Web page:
Updated 11 May 2006

WIRKSWORTH Parish Records 1600-1900

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Photo 445


Taken 1937 Oct 14 Thursday. On the Wirksworth-Brassington road, at the foot of the Hopton Incline on the CHPR. Eight days after the accident, the remains of 27521 waiting to be hoisted up the embankment.

Taken 1937 Oct 14. Wreckage of 4 wagons loaded with limestone and a brake van.

Taken 1937 Oct 14. A hand-crane being used by the toiling shop staff to haul a set of driving wheels up the embankment. The large steam crane normally used could not negotiate the tight curves and steep inclines of the High Peak Line. Later, boiler and frames would need more than one hand-crane. Remains were loaded into the wagons, to be taken away by sister loco 27530.

Taken 1937 Oct 14

Fatal accident at Hopton 1937

On Wednesday 6 Oct 1937 there was a derailment near the foot of the Hopton Incline on the Cromford and High Peak Railway. Ex NLR 0-6-0T number 27521, with four loaded wagons and a brake van, derailed at 45 mph on the curve while working up speed to climb the incline, killing the driver William Boden.

The train was the 8.35am Middleton Top to Parsley Hay freight, with four wagons loaded with limestone and a 20 ton brake van. It rolled down the 30 foot embankment, demolishing a 6 foot high stone wall. Sleepers were smashed and rails torn up for 50 yards, and the sound of the crash and the escaping steam was heard for half a mile.

William Henry Boden, driver aged 53 was thrown clear but sustained multiple injuries. He was rushed to Wirksworth cottage hospital but died in 3 days.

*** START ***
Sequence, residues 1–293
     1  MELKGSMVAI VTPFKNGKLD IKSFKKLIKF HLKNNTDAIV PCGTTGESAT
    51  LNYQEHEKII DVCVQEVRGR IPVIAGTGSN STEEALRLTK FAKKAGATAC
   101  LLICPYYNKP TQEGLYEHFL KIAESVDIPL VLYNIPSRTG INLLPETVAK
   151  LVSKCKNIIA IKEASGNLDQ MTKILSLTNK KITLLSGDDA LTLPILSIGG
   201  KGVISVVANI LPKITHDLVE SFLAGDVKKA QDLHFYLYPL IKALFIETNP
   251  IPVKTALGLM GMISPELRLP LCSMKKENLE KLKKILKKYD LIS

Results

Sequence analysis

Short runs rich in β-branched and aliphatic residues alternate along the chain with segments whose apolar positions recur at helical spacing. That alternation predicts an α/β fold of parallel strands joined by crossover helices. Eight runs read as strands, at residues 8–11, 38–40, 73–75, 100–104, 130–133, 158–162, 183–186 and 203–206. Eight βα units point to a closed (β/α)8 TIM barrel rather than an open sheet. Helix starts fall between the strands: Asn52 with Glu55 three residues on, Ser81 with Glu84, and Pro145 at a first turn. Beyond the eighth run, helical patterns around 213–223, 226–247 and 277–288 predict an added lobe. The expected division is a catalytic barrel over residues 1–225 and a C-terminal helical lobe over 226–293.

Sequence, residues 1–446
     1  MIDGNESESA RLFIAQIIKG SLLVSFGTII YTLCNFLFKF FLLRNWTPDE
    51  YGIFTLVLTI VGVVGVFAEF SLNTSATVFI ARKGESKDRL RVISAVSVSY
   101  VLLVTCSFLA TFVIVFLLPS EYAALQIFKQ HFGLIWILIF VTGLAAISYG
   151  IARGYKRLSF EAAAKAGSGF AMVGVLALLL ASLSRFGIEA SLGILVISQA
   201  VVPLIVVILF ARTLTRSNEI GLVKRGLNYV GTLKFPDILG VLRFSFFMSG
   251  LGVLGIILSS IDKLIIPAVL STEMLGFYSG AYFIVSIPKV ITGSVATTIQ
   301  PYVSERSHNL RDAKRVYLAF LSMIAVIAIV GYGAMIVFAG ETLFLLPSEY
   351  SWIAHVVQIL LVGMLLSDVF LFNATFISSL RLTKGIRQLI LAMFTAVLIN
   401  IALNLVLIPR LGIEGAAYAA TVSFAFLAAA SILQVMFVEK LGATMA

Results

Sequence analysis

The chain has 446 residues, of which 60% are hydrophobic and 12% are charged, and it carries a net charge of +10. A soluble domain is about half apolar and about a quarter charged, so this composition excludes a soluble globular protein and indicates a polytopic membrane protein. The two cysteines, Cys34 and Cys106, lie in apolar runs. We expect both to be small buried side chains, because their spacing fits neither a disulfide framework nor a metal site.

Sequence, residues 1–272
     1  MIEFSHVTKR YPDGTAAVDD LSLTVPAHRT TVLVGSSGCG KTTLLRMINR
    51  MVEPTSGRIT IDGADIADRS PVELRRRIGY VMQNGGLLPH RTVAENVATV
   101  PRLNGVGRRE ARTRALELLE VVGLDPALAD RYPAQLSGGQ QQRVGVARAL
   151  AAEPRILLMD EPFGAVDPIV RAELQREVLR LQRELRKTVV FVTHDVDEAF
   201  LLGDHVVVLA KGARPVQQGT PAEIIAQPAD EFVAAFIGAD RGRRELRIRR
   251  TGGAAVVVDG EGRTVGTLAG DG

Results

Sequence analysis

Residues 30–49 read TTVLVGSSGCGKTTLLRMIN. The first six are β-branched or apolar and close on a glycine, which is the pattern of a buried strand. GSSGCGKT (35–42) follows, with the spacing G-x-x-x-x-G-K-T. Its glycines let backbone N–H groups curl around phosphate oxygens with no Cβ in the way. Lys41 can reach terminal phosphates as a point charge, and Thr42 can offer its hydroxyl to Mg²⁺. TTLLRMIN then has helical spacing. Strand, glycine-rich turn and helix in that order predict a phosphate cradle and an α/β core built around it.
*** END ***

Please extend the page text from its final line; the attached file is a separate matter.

Harold Kirk, fireman aged 47, was trapped in the cab and found to have internal injuries, and a fractured arm and pelvis.
Thomas Swift, guard aged 52, rendered assistance to the others in spite of his own injuries.
The engine 27521 was dismantled and taken to Derby for examination before being scrapped.

Fireman Kirk explained that he had worked on the line for 25 years, and had been firing for Driver Boden for 7 years. Three men who were in the brake van agreed that the speed had not been excessive, but one remarked that the engine was "rocking rather badly when approaching the curve.

The Inspecting Officer of railways Lt-Col Woodhouse took evidence from another driver that when attacking the ascent of the Hopton Incline, it was his practice to go "all out" when emerging from Hopton tunnel, which is about three furlongs short of the curve where the derailment took place. The track had been relaid in 1935 with "serviceable" ex L&NWR main line rails, originally weighing 90 lbs per yard, but when inspected following the accident had worn down to 81 lbs per yard. It was stated that the track was frquently misplaced at this point, and the report emphasized that a better class of ballast than ash was desirable. No blame was attached to driver Boden "a man considerably experienced, with a very good record", rather was the cause of the accident a combination of factors, particularly the "nosing" proclivities of the NLR tanks, and the necessity to "rush" the bank, together with an exemption - at that point - from observance of the general line speed limit of 30 mph. In conclusion, Woodhouse observed that the company's action, taken immediately after the accident, to define the speed limits more clearly, and reduce the train loadings to conform with the new "permissable speed should be welcomed, and strictly adhered to, be instrumental in preventing a reccurence of such a catastrophic derailment in future.
"Railways of the High Peak" by N Jones and J M Bentley.

Enlargement of the hand-crane:

Photo taken:Oct 1937
Source:Copyright C M & J M Bentley.

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